David Samson: Miami Marlins saw trouble with ticket sales before Day One
02/26/2013 12:00 AM
09/08/2014 6:21 PM
The Miami Marlins’ new ballpark was slow to draw fan interest even before a disastrous season led to a collapse in attendance so steep that the front office never contemplated it, team president David Samson said Monday.
“It didn’t occur to us... that the off-field results of last year could be what they were,’’ Samson said during a press conference at Marlins Park. “We didn’t even contemplate in a worst-case scenario that our revenues would be what they were.”
And while Samson said the biggest miscalculation was in just how poorly the Marlins would play, he said lukewarm support was noticeable well before the Marlins’ infamous mid-season dive.
Season-ticket buyers did not respond to the late 2011 signing of Jose Reyes and other star players, months before the ballpark’s debut. His marketing team had hoped to announce a string of sell-outs before the April 4 Opening Day, but even the Boston Red Sox didn’t bring enough demand to sell all 37,500 seats.
“We misread last year on and off the field,’’ Samson said. “We did not have the bump we expected after the winter meetings [when the Marlins signed Reyes, Mark Buehrle and Heath Bell]. That got us worried. Not panicked, but worried.”
His comments danced around a central question looming over the opening of Marlins Park at the site of the old Orange Bowl football stadium in Little Havana.
Can Miami sustain a Major League Baseball team? Samson said he wasn’t trying to suggest the city couldn’t, noting “fans are always right.”
“I’m not going to say Miami is not a sports town,’’ he said. “Or that there is something wrong with the fans. I would never say that.”
Samson’s comments to reporters was the sideshow to owner Jeffrey Loria defending the Marlins’ stripping the team’s payroll of Reyes and other expensive players — a move he said was needed after the players failed to deliver in 2012.
Loria’s press conference came a day after he published a full-page letter to fans in local newspapers defending the move and the controversial deal that had Miami-Dade borrow nearly $400 million for the stadium’s construction.
Facing heavy fan backlash and the prospect of a season even worse than the one that brought “tens of millions of dollars” in losses last year, Loria hopes Miami will see his new young team as one worthy of support.
“We needed to fix the chemistry, we needed to fix the core of the team,’’ Loria said. “We didn’t draw more people [to the stadium] because the team was losing.”
So far, season-ticket sales are about half what they were a year ago, and the team isn’t sure it can sell out Opening Day on April 8. And the Marlins are facing revived ire over the 2009 stadium deal as the Miami Dolphins pursue their own tax-funded renovation for Sun Life.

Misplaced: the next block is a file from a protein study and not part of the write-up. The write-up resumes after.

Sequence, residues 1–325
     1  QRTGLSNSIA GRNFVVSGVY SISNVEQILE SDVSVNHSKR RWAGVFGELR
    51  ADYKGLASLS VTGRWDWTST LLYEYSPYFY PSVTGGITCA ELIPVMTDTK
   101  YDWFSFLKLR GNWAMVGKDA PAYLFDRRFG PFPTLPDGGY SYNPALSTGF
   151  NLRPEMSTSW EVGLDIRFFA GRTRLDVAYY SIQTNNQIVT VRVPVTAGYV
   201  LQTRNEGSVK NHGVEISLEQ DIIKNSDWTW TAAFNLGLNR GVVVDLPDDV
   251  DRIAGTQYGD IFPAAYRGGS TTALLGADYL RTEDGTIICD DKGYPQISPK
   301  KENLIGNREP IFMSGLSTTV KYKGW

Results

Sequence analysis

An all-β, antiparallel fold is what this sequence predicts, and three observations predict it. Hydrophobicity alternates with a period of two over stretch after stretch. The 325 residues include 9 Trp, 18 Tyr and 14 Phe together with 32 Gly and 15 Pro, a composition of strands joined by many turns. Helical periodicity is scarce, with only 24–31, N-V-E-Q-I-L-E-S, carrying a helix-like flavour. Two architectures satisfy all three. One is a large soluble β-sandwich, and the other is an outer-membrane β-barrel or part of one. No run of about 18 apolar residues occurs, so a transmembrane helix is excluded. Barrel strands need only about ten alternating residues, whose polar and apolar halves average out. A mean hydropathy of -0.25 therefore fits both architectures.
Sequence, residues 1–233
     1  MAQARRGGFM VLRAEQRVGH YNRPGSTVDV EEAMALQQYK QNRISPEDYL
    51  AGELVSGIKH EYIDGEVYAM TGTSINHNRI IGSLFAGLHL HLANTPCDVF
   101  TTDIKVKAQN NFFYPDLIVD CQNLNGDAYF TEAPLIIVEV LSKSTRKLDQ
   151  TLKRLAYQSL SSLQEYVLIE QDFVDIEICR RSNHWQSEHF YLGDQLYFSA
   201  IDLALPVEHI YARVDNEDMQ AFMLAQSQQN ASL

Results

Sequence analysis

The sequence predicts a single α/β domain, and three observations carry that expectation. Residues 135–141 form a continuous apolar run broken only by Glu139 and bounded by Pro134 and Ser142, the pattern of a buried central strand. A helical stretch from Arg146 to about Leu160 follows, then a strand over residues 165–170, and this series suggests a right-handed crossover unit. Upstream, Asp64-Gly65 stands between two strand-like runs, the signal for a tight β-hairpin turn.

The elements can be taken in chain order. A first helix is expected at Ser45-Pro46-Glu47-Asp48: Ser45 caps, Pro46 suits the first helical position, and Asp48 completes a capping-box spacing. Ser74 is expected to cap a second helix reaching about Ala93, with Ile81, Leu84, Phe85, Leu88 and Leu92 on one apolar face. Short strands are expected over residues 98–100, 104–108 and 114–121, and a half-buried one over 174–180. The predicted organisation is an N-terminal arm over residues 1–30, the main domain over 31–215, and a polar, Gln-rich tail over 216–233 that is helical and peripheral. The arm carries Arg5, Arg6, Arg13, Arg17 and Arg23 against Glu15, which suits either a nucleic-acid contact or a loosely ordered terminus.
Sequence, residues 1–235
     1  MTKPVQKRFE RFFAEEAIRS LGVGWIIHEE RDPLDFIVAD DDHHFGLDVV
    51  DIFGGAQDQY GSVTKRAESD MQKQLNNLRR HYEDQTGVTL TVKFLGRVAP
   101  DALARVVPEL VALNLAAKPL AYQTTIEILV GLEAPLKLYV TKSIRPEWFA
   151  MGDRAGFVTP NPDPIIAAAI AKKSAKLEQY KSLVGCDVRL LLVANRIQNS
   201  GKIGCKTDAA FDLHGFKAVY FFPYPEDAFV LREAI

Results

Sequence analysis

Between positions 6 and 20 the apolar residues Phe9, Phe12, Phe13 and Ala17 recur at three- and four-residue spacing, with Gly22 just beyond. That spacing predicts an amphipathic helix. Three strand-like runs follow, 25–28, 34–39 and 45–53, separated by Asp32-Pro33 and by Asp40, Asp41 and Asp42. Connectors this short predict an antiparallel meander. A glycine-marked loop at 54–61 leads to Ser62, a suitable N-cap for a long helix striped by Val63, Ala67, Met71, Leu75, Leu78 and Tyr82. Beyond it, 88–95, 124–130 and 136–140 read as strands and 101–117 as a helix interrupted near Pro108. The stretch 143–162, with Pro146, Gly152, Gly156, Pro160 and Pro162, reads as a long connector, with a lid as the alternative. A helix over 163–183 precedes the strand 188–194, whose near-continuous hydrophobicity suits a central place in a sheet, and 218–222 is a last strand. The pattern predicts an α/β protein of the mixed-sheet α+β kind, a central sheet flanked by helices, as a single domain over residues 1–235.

Dolphins executives have promised a funding arrangement far more palatable than what the Marlins offered, and Loria on Monday called the Dolphins’ effort a “smear campaign’’ for its implicit slam against his arrangement with Miami-Dade.
A referendum on the Dolphins’ proposal probably will come in May, meaning the debate over tax-funded stadium projects will heat up just as the Marlins try to recover from the worst debut season among all ballparks built since 2001.
In his comments, Samson offered new details on the weak ticket sales, and said the collapse in revenue left the team no choice but to cut payroll.
The season’s announced attendance of 2.1 million was still far better than what the team drew when playing in Sun Life, and put the team at No. 18 in the 30-team league in terms of attendance. But Samson said the internal numbers of actual paid attendance were much worse. He put the so-called “turnstile” attendance for the season at 1.4 million. That’s roughly 17,000 people per game — or not even half of the stadium.
In its worst-case scenarios for the 2012 season, Samson said the team’s forecasts only contemplated for a turnstile attendance of 2 million.
Samson said an early sign of trouble was when June match-ups with the Red Sox didn’t deliver at the box office.
“We were very, very worried when the Red Sox games didn’t sell out,’’ he said. As the team turned in a strong performance in May — only the second month in the ballpark -- ticket sales weren’t delivering.
“Our fans I thought would see win after win. Our advanced sales didn’t move,’’ Samson said. “I don’t know the reason. I really don’t.”
He also declined to predict a sell-out for Opening Day – a lack of confidence for only the second year of the stadium’s existence.
“Fans are reticent and upset,’’ Samson said of the fury over dumping the star players. “I am so sorry about that.”
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